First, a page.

“Unto These Hills” has run as a history drama for 60 years, providing many tourists their first real look at the historical narrative of the Eastern Band of Cherokee Indians. For most of those years, though, the production was a kind of caricature of itself, conceived with a white audience in mind.

Starting in 2006, though, the Cherokee Historical Association set about updating the drama, making it more Cherokee.

“The rewrite came about in the beginning because there was a decline in attendance. The original scripts had gotten stale and the Cherokee people wanted more ownership of the drama,” said Linda Squirrel, who works as a program manager for the CHA and as a scriptwriter for “Unto These Hills.”

Kiowa author Hanay Geiogamah undertook the first rewrite of the drama, and while the result was magical, it didn’t do enough to teach audiences the history of the Cherokee.

“What he came up with was a wonderful production but not necessarily the story of the Cherokee people,” Squirrel said.

In 2007 the association hired two Los Angeles-based writers, Ben Hurst and Pat Allee, to carve out a narrative line. That version was better, but Squirrel said it didn’t really take into account the play’s function and setting.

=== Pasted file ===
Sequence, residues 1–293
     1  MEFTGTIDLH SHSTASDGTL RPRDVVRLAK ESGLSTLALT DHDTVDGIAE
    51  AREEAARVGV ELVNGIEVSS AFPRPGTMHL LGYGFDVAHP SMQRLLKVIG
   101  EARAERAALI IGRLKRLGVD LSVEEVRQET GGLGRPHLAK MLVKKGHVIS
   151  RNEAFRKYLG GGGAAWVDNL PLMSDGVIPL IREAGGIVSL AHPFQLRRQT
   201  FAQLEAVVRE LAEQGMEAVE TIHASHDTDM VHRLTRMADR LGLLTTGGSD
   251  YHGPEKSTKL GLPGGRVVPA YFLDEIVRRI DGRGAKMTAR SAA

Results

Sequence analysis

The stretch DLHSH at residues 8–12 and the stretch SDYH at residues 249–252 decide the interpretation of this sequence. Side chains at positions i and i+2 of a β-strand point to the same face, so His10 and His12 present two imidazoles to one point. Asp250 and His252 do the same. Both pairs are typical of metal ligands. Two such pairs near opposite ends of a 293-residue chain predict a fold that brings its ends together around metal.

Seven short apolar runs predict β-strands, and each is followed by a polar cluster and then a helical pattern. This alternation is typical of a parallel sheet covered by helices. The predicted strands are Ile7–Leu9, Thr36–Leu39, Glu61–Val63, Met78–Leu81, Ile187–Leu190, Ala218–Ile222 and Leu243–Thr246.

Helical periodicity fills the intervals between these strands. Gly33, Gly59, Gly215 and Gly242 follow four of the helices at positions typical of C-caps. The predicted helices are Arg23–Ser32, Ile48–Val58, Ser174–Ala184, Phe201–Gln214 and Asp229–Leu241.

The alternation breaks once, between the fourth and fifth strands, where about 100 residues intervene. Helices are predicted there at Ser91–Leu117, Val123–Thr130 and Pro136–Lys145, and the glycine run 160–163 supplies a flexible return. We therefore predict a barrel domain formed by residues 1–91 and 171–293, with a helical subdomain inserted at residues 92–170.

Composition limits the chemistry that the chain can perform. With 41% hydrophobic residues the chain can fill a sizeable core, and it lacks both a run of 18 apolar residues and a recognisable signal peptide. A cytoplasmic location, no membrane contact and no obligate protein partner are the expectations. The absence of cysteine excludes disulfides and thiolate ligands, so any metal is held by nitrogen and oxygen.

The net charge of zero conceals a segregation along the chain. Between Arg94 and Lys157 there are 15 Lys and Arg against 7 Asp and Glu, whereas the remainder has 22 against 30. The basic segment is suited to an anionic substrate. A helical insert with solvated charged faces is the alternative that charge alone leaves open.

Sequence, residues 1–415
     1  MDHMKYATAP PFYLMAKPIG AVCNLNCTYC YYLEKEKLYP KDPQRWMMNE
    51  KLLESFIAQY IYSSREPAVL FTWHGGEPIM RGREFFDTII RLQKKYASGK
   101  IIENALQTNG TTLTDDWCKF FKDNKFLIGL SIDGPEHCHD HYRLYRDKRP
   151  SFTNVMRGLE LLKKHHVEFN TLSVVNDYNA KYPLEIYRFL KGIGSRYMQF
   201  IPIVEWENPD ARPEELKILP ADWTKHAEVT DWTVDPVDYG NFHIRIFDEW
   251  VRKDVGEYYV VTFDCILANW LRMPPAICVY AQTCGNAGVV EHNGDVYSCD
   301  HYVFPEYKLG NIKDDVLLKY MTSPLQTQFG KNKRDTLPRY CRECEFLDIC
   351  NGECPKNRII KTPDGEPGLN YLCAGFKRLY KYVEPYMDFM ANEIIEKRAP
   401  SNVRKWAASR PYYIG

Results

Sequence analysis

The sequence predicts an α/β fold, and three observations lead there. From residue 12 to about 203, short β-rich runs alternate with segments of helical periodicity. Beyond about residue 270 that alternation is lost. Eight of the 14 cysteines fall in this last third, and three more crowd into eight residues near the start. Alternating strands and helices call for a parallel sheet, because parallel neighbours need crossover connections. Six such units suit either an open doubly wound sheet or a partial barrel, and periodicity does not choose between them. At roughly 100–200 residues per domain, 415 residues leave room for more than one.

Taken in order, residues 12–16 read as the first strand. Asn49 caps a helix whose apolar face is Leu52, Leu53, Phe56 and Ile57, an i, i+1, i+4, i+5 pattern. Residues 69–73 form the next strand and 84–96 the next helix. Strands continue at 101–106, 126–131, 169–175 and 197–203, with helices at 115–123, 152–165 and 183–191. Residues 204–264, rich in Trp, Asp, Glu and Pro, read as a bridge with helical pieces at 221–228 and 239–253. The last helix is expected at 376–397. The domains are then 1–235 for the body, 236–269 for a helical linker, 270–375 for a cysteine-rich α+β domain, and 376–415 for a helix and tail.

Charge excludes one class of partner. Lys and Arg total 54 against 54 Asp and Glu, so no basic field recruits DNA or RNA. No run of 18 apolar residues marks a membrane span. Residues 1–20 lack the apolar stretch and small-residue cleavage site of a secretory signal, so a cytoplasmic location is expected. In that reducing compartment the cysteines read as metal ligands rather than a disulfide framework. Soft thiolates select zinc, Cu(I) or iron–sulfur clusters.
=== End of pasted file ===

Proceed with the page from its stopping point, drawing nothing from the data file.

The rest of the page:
Squirrel, who had been involved in each of the rewrites, took matters into her own hands.

“I really wanted the historical part to be as accurate as possible keeping in mind the show still has to have an element of entertainment about it,” Squirrel said.

This season, “Unto These Hills” is on its third rewrite, which combines elements of all the rewrites but has a new clarity of focus on the Cherokee narrative.

“It’s not really hard to tell the story because the story’s there. It’s the story of the Cherokee people, and it’s full of drama,” Squirrel.

For Squirrel, the script is just one part of a new ownership stake the local community has in the play.

“I think the thing I’m most proud of is the fact that you have Cherokee people telling their own story; whereas, in the past, you had local people who were only in the crowd scenes who were never given the chance to act,” Squirrel said.